• “Houghton Library’s copy of Arsène Houssaye’s Des destinées de l’ame (FC8.H8177.879dc) is without a doubt bound in human skin.”

• The secret of Nabokov’s sexual style: David Lodge reviews Nabokov’s Eros and the Poetics of Desire by Maurice Couturier.

• How long can you hold your breath? 2 models, 7 divers in an underwater shipwreck by photographer Von Wong.

• At Dangerous Minds: Paul Gallagher on The fantastic world of Sharmanka Kinetic Theatre.

• Wizards of the Coast: Benjamin Breen on John Dee and the occult in California.

• More photography: Peter Guenzel captures strange lights in forests.

• Mix of the week: Bleep podcast 121 presented by Margot Didsbury.

I’m The One (1972) by Annette Peacock | Eros Arriving (1982) by Bill Nelson | The Dire And Ever Circling Wolves (2005) by Earth

The Book of the Lost

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A recurrent feature of the music landscape of the late 80s and early 90s was the “soundtrack for an imaginary film”, a sub-genre that proved especially popular among the electronica crowd when DJs realised they needed a description to justify their collections of downtempo instrumentals. Two of my favourite examples were produced away from the dance world: John Zorn’s Spillane (1987), and Barry Adamson’s solo debut Moss Side Story (1989), both of which took their thematic cues from crime novels and film noir. The artists on the Ghost Box label haven’t gone down the imaginary film route but many of the tracks on the Belbury Poly and Advisory Circle albums are reminiscent of TV theme tunes from the 1970s. The closest you get to an imaginary film in the Belbury sphere is the unseen giallo horror in Peter Strickland’s Berberian Sound Studio with its score by Ghost Box allies Broadcast, and a title sequence by Julian House.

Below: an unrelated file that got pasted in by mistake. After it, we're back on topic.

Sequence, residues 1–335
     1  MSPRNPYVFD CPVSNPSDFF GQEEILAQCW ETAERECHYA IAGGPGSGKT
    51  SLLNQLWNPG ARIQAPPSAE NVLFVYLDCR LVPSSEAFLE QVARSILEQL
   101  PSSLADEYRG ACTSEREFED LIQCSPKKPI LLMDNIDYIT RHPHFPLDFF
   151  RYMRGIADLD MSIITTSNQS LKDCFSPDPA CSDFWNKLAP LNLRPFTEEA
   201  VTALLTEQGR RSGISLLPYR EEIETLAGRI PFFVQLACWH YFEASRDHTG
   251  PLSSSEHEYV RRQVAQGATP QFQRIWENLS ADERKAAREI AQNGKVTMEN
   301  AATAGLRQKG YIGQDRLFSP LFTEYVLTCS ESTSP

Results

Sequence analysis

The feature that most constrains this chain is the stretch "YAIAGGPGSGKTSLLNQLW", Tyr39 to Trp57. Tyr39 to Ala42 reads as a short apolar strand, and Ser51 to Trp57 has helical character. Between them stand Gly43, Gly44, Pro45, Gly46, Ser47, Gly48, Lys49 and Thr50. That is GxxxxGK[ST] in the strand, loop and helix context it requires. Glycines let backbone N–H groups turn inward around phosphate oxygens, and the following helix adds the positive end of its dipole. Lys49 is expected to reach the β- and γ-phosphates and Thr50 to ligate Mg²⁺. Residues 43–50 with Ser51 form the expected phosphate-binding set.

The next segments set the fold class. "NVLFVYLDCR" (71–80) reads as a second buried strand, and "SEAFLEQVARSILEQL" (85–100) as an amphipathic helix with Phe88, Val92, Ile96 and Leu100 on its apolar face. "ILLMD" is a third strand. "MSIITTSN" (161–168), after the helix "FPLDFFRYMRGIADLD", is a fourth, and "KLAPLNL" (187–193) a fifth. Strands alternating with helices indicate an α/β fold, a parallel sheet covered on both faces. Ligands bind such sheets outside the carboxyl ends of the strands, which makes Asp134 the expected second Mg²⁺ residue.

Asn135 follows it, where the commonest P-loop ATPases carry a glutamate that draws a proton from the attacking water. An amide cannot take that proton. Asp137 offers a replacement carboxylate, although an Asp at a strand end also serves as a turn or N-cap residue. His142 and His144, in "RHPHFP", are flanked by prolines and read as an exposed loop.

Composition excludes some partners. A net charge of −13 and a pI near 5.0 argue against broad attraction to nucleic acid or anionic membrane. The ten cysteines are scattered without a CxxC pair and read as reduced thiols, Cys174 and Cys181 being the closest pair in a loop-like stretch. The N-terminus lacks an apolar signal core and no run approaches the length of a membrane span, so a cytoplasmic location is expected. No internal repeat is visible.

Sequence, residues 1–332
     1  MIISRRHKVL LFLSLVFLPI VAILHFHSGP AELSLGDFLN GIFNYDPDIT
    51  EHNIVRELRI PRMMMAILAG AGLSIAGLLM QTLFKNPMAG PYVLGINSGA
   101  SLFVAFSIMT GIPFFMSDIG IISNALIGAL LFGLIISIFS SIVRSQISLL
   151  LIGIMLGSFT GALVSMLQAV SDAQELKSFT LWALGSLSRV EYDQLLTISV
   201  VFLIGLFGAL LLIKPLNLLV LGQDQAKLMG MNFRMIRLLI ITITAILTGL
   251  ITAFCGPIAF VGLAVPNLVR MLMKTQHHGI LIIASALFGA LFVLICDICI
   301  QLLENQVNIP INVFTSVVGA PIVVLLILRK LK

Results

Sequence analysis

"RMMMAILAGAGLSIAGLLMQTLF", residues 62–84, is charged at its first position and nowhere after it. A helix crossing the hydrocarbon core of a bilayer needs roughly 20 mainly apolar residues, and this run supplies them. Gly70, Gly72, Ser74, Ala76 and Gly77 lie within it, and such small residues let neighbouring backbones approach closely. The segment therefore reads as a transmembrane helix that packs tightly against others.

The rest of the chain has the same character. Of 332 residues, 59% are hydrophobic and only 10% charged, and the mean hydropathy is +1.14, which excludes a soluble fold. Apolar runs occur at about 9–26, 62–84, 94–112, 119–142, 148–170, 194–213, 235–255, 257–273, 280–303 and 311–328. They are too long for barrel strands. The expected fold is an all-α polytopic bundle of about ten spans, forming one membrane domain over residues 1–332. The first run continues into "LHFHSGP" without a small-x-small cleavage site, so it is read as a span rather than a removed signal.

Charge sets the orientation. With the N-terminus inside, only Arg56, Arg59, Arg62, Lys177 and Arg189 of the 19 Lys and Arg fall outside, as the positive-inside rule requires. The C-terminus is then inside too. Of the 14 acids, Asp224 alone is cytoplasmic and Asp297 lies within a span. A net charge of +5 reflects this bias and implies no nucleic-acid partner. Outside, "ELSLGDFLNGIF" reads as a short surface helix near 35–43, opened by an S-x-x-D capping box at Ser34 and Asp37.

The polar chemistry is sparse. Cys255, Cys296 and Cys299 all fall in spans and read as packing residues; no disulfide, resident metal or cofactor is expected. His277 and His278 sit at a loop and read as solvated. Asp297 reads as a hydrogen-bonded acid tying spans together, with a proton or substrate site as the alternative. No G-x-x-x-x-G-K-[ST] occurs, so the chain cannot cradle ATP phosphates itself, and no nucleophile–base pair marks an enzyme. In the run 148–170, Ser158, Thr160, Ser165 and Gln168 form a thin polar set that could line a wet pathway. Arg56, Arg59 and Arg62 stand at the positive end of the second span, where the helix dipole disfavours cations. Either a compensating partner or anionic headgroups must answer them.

Given all of this, The Book of the Lost, a collaboration between Emily Jones and The Rowan Amber Mill, is a logical next step: a CD collection offering a theme from a forgotten TV series “shown on Sunday nights in the late ’70s and early ’80s” which broadcast four of the equally forgotten horror films upon which the accompanying songs are based. Between each song you hear a brief snatch of dialogue, just enough to whet the appetite without getting too involved. One of the films referred to, The Villagers, belongs to that current of British folk-horror that runs through Witchfinder General, and Blood on Satan’s Claw, to Ben Wheatley’s intoxicatingly weird A Field in England. Pastiching aside, all projects of this kind depend upon the quality of the music, and the folk-inflected songs here are very good, as is the Book of the Lost theme itself which is as spookily evocative as Jon Brooks’ Music for Thomas Carnaki.